Early days of the tank

Tanks were first used in combat during the First World War in September 1916 by the United Kingdom, Canada and New Zealand troops against the Germans in France. Over one hundred years on and the tank is still a very important part of military activity.

A prototype tank was built in 1915 with a rather gentle nickname of Little Willie. You cannot imagine that striking fear into the hearts of the enemy! Little Willie was not so small though and weighed 14 tons but only travelled at 2 mph and got stuck in the mud. It required some work, but it was a start.

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The year before, the British Army Colonel Ernest Swinton and Imperial Defence Secretary William Hankey made a case for the need for armoured vehicles with track conveyor belts that could be pushed forward into hostile territory. Winston Churchill, at that time minister of the British Navy appealed to them as a form of ‘land boats’. Production was kept top secret and even workers did not know what they assembled. The vehicle was loaded into a crate labelled ‘tank’ and the name stuck. Fancy being a tank commander for a day? For a Tank Driving Experience, visit a site like https://www.armourgeddon.co.uk/tank-driving-experience.html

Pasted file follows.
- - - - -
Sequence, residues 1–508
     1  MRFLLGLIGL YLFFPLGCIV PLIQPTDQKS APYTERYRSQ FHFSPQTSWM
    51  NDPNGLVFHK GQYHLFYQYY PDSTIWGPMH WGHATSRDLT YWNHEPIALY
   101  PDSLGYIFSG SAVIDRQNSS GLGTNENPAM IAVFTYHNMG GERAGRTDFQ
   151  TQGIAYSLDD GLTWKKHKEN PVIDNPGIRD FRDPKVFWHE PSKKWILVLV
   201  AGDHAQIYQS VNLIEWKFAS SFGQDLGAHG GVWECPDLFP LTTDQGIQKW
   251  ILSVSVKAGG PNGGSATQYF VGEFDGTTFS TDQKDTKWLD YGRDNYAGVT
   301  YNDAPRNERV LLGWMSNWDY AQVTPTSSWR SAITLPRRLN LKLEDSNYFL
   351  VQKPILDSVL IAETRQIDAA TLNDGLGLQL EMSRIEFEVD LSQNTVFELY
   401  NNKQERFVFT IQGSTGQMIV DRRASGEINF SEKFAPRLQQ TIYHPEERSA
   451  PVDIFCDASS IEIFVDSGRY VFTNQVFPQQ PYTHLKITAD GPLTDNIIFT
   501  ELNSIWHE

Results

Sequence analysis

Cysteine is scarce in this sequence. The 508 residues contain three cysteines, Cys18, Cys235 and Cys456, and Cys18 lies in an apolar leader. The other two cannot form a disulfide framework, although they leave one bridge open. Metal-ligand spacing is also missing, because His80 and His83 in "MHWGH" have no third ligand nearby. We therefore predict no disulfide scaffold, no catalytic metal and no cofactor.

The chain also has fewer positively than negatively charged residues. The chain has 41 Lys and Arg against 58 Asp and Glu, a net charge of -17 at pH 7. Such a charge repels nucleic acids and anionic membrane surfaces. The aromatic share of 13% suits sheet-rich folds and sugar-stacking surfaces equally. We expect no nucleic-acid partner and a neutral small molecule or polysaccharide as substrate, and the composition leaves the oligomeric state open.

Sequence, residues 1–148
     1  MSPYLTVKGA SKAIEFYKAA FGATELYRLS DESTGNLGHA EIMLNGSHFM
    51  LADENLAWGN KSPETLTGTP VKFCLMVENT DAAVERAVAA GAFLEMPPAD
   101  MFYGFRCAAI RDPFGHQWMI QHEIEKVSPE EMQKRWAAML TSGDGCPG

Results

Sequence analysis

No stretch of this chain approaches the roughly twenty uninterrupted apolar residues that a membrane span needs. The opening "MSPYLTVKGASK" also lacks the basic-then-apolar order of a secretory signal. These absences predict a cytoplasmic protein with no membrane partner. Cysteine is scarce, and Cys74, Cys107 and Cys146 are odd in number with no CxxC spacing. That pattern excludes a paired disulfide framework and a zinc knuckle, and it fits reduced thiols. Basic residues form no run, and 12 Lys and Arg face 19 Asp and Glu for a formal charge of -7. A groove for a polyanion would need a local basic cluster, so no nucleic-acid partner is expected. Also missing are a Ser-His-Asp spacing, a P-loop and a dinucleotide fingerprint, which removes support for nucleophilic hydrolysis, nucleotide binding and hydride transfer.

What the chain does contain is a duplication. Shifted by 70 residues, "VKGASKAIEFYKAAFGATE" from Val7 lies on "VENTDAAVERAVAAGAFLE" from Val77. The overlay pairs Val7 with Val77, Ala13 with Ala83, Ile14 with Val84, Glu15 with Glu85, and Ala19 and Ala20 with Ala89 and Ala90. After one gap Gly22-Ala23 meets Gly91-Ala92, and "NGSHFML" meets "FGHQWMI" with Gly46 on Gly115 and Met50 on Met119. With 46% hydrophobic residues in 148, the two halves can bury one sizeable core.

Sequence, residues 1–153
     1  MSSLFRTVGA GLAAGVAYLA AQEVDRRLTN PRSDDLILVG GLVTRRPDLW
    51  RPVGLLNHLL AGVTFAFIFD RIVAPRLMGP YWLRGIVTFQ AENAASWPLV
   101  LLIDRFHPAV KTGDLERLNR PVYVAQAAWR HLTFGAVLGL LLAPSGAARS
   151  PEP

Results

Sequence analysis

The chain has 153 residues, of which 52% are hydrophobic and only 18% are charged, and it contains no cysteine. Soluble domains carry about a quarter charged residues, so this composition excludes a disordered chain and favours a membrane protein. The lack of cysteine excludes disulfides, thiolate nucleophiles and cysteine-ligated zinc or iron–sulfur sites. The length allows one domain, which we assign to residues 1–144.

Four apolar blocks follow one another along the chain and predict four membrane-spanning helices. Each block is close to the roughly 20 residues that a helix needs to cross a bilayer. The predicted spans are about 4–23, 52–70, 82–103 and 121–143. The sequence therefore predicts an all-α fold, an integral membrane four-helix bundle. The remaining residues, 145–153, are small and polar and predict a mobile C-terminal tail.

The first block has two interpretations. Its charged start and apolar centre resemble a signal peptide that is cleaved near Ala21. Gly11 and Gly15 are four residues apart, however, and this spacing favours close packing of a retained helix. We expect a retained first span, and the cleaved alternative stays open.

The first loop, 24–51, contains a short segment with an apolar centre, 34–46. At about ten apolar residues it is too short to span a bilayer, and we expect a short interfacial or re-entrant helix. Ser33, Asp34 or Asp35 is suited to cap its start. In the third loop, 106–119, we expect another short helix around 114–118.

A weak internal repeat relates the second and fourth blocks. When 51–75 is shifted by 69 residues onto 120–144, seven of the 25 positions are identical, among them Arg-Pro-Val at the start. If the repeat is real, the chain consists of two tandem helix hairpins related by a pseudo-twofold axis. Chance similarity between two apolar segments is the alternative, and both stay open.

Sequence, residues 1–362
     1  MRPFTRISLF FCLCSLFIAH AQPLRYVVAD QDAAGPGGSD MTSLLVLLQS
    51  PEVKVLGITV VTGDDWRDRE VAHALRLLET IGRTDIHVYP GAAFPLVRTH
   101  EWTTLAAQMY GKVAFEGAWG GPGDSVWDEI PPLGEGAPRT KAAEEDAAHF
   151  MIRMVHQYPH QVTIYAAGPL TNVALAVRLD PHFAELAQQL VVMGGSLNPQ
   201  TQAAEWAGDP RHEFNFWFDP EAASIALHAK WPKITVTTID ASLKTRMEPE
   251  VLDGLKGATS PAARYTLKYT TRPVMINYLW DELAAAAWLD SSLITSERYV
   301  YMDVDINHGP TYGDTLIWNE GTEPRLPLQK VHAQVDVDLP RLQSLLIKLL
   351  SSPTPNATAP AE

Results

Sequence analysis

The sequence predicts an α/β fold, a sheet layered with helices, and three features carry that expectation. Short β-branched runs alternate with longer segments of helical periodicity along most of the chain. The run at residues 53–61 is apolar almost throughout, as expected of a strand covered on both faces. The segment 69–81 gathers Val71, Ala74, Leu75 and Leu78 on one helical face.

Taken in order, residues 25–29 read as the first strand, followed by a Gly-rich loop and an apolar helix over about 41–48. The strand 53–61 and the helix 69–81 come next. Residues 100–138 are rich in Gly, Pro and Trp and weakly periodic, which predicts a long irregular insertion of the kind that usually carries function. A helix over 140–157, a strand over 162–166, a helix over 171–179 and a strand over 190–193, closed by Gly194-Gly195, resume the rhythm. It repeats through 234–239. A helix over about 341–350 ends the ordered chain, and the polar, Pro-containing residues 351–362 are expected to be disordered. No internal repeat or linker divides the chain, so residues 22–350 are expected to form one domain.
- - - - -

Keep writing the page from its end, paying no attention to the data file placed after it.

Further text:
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The second prototype was called, yes you’ve guessed it, Big Willie. By 1916, this tank was considered battle ready and models first appeared during the Battle of Flers-Courcelette in September 1916. It was hot, noisy and hard to control but had huge potential and in November 1917 at the Battle of Cambrai, Mark IV Big Willie was more successful and captured 8000 enemy troops and 100 guns.

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